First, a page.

Everything we do in space flight affects what we do here on earth. What we do in space affects man’s spirit, mind, brain power, commitment and performance.
— Hubert Humphrey
(Source: The New York Times)
Why bother with human spaceflight, when robots do such a good job and do it so much more cheaply? Proponents of human spaceflight argue that only humans have the supple physical coordination and mental agility to get the most from an expedition. But the most compelling argument for human spaceflight may remain the one that worked at the beginning. Space exploration is ultimately about human dreams.
The United States owned the Louisiana Purchase as soon as Thomas Jefferson bought it from the French, but the first thing he did was send Lewis and Clark to walk the property. It isn’t really yours until you’ve been there, say advocates of human space exploration. “I do not see any need at all to justify human spaceflight on the grounds of what it’s going to do for science. It will do a lot for science, but that’s an ‘oh, by the way,’” [former NASA administrator] Griffin says. “The drive to extend our reach—human destiny—is reason enough to go.”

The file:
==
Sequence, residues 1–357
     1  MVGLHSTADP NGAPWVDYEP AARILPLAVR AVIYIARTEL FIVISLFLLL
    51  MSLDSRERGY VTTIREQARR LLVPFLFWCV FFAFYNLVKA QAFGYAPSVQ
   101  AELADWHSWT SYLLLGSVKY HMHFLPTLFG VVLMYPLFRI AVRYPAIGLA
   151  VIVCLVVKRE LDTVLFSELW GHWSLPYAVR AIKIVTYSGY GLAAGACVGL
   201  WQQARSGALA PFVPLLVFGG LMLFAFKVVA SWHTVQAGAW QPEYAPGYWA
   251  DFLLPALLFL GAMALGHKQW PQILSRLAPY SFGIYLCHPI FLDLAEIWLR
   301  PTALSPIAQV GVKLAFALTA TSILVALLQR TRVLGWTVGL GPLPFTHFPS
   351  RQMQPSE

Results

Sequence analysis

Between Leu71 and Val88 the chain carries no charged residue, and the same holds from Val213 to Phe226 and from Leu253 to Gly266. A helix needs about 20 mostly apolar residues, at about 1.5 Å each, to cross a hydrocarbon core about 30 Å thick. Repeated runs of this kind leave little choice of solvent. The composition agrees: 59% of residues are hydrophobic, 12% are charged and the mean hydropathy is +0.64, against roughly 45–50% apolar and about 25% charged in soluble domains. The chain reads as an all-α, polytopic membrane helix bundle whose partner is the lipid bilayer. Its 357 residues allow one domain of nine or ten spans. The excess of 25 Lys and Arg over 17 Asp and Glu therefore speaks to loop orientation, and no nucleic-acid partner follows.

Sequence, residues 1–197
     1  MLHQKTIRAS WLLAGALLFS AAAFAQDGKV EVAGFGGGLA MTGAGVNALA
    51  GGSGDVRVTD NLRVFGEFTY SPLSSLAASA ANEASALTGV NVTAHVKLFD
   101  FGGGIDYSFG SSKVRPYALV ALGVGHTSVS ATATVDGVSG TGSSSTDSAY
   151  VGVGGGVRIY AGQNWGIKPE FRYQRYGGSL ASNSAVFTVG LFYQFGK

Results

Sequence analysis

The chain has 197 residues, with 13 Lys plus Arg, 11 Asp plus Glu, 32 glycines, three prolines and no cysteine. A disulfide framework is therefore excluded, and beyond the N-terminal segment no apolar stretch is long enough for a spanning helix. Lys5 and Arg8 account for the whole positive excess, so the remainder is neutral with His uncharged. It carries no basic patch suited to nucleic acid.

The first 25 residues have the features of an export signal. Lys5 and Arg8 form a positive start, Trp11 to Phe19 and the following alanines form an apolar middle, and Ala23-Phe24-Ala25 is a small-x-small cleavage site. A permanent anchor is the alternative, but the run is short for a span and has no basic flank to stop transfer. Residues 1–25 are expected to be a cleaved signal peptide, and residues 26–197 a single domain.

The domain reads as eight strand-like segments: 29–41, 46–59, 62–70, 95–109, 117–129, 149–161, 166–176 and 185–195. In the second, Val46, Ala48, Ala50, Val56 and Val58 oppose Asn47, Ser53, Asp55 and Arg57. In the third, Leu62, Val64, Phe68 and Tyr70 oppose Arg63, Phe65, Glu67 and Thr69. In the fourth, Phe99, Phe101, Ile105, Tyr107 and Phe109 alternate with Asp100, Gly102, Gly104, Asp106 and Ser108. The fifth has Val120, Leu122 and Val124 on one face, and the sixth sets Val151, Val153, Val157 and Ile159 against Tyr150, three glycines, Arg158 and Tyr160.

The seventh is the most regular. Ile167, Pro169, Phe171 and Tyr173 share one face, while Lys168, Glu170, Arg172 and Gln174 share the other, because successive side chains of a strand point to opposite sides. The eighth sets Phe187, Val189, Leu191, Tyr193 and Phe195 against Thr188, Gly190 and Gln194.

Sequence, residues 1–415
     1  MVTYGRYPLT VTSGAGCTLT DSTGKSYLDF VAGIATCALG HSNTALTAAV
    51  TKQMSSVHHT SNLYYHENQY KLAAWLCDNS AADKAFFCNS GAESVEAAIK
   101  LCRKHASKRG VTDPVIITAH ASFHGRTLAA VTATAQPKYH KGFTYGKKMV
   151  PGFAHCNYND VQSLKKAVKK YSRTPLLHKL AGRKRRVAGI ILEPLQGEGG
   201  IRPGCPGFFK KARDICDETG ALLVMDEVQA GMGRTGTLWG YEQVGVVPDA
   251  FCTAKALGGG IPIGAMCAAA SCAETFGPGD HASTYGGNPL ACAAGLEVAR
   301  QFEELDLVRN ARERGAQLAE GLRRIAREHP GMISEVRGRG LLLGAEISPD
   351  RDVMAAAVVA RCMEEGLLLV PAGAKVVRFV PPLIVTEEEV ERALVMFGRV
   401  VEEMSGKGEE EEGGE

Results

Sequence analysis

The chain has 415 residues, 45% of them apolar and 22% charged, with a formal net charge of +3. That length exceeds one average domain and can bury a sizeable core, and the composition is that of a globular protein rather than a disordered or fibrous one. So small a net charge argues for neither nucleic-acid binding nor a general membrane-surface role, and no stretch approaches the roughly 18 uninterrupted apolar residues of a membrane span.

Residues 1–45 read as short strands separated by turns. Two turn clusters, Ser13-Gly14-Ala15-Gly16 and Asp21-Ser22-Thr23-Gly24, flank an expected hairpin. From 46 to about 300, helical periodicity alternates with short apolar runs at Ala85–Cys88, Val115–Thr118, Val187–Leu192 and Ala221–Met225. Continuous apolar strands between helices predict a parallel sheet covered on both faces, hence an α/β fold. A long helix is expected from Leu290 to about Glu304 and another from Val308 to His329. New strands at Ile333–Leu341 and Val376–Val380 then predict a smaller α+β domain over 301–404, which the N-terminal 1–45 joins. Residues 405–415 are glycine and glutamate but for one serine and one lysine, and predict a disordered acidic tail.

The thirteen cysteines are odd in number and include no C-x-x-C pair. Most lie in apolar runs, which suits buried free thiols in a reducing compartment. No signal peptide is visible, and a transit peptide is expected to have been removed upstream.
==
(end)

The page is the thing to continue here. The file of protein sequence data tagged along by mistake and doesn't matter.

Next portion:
— Guy Gugliotta
(Source: National Geographic)